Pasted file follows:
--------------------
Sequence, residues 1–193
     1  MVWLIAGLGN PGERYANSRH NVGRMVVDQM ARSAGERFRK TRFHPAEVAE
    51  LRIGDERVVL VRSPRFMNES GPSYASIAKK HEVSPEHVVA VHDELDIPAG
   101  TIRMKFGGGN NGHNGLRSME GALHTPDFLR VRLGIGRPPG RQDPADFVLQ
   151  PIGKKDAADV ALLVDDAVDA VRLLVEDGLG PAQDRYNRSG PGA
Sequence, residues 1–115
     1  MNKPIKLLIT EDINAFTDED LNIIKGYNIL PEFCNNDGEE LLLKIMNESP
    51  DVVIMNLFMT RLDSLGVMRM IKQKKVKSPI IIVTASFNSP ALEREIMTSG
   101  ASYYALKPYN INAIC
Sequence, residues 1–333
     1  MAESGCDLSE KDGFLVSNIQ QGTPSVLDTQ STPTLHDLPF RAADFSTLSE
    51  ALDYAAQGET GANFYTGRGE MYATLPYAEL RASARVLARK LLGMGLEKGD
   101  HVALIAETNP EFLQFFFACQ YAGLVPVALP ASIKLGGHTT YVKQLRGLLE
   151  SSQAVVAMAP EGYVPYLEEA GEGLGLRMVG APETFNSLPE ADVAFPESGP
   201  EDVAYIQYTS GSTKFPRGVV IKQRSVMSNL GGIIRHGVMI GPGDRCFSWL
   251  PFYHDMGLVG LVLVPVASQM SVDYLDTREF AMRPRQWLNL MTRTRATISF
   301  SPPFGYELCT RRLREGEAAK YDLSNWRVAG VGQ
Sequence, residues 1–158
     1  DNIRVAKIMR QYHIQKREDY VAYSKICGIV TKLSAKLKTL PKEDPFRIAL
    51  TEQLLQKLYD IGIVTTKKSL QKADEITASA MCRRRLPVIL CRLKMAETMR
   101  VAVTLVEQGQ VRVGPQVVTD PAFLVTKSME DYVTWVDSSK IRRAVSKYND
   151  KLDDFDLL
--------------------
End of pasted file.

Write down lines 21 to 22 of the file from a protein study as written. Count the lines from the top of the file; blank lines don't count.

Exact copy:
   101  VAVTLVEQGQ VRVGPQVVTD PAFLVTKSME DYVTWVDSSK IRRAVSKYND
   151  KLDDFDLL